3 Strategies to Attract New Contracts

It happens every year.

You start reviewing your company numbers and notice the disconnect between the projected and the actual sales estimates. Whether intentionally or unintentionally, a game of “passing the buck” starts. Instead of approaching a lackluster performance in sales in such a negative away, it would be more productive to take this as an opportunity to consider new strategies to attract new contracts.

Here is a review of three strategies to increase your awareness and credibility among potential clients.

1. Position Yourself as a Thought Leader

Whether it is through the publication of useful white papers or the organization of brown bag seminars, you company can create opportunities in which potential clients don’t feel as targets. By creating opportunities for clients and industry peers to interact one another, you create a non-threatening environment that leads to collaboration.

This makes your company stand from the pack as a knowledgeable entity, which not only increases the company’s chances of recall in the mind of potential clients, but also positions the company as a thought leader. And who doesn’t want to work with an expert in a specific field? For example, if your company is a member of the IACCM, you could consider contributing a case study to its Contracting Excellence Magazine or an article to the Commitment Matters Blog.

Additionally, if you’re considering to start or tweak your content marketing strategy, here are five useful ideas to jumpstart it.

2. Become a Connector for Qualified Subcontractors

First popularized by author Malcolm Gladwell in his book The Tipping Point, the idea of a connector goes beyond just somebody that knows a lot of people.  Connectors make things happen through people. These are individuals that during conversations, they start thinking in the back of their minds theses three questions:

  • Who do I know that knows about this?
  • Who do I know that has tackled or complete a similar challenge?
  • Who do I know that needs to connect with you?

Becoming a connector within your field is a great way to become part of contract negotiations more often. Unlike a thought leader, a connector knows that he or she doesn’t hold all the answers. However, a connector knows who might have those answers. From a survey of 300 corporations, it was concluded that contracts act as connectors, drawing together the views and interests of a wide variety of stakeholders. You can view the contract lifecycle as a powerful way to build value.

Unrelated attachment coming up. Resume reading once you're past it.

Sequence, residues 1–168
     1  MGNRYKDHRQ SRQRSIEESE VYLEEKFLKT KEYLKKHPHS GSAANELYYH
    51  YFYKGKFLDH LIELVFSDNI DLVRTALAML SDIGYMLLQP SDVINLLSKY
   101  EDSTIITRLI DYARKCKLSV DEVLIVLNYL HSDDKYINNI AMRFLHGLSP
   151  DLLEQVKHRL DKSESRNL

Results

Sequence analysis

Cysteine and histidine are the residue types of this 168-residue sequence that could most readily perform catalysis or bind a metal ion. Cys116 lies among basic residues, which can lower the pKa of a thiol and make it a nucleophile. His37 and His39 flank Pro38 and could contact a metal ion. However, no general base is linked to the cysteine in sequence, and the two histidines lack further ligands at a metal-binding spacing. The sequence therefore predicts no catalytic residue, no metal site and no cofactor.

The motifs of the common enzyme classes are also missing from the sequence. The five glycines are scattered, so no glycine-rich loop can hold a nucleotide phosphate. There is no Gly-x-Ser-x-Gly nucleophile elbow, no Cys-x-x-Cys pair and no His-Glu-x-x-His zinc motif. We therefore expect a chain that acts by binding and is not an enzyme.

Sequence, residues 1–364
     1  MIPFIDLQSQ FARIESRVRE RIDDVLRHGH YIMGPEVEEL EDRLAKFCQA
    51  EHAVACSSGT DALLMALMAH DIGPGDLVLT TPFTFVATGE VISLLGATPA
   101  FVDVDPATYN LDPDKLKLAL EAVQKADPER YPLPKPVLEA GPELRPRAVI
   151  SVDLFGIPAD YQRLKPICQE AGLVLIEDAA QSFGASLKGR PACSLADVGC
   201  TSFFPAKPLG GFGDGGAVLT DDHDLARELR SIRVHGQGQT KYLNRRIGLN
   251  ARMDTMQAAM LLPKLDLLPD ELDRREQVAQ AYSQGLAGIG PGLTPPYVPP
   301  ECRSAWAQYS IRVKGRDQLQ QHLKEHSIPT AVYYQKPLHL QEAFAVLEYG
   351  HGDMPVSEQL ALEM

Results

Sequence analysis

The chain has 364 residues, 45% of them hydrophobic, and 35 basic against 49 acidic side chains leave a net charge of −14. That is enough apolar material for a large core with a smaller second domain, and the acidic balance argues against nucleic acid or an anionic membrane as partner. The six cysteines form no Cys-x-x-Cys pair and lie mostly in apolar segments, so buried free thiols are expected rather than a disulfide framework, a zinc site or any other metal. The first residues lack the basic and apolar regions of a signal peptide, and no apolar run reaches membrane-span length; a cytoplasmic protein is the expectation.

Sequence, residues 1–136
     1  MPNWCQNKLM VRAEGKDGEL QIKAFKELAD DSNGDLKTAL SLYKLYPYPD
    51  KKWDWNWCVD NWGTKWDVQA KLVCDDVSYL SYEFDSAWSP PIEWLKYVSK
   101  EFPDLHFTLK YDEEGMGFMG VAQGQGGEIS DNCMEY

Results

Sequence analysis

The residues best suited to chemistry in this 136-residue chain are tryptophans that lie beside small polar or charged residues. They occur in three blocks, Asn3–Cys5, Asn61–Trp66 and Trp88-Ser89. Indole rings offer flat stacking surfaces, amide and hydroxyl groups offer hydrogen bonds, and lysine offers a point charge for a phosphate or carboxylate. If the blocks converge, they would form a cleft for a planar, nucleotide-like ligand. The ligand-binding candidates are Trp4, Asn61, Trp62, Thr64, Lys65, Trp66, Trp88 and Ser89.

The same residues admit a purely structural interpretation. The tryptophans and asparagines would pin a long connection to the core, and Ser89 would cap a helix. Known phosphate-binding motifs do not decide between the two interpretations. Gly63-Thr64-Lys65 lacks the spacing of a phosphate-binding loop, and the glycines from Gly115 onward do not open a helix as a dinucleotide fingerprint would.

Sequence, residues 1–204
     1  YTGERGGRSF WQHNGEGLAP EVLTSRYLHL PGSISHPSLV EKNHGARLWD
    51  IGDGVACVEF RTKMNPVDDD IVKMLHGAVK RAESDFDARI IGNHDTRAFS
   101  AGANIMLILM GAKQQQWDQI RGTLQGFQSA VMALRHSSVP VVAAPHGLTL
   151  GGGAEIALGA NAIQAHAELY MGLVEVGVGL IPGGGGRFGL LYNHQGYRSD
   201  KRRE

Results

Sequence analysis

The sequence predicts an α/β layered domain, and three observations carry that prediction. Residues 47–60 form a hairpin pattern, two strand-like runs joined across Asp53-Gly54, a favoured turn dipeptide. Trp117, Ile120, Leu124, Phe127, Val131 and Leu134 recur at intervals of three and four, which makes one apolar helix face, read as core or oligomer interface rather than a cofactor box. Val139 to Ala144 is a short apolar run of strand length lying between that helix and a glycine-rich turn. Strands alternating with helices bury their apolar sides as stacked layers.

To improve the connector skills of your organization, you need to have key company representatives, not just salespeople, attend more networking and industry events. Providing the opportunity to learn from other thought leaders is a great incentive for employees and exposes your company to more than just the leads from your sales staff.

3. Have Scalable Resources

Everybody wants to get more leads and more clients. However, getting more than you can chew is just as bad as not getting enough leads in your sales funnel. Not being prepared for a few projects with a bigger scope than usual may put your company in a compromising position.

To avoid this scenario, there are two main solutions. First, you want to invest the time in developing a network of freelancers and temp workers that you can rely in this type of situations. The last thing that you want to do is to try to rush a recruiting process when you’re already spread too thin. By keeping an updated portfolio of freelancers and temps, you create realistic budgets and are more likely not to underestimate labor costs.

Second, you need to have a reliable contract management system that you can upgrade as necessary. The rise in the use of temp workers highlights the importance of contract management software. Given the fast pace of hiring a temp, it becomes more and more essential for enterprises to have a pre-approved contract template at their fingertips. Employees cannot rely on paper-based systems because those systems don’t guarantee that employees have the most up-to-date templates and clauses. It is estimated that poor contract management leads to 5% to 9% losses in sales. An automated and scalable contract management system addresses both of these challenges.


To attract new contracts your company needs to position a thought leader in your industry,to become a connector for qualified subcontractors, and to maintain scalable resources.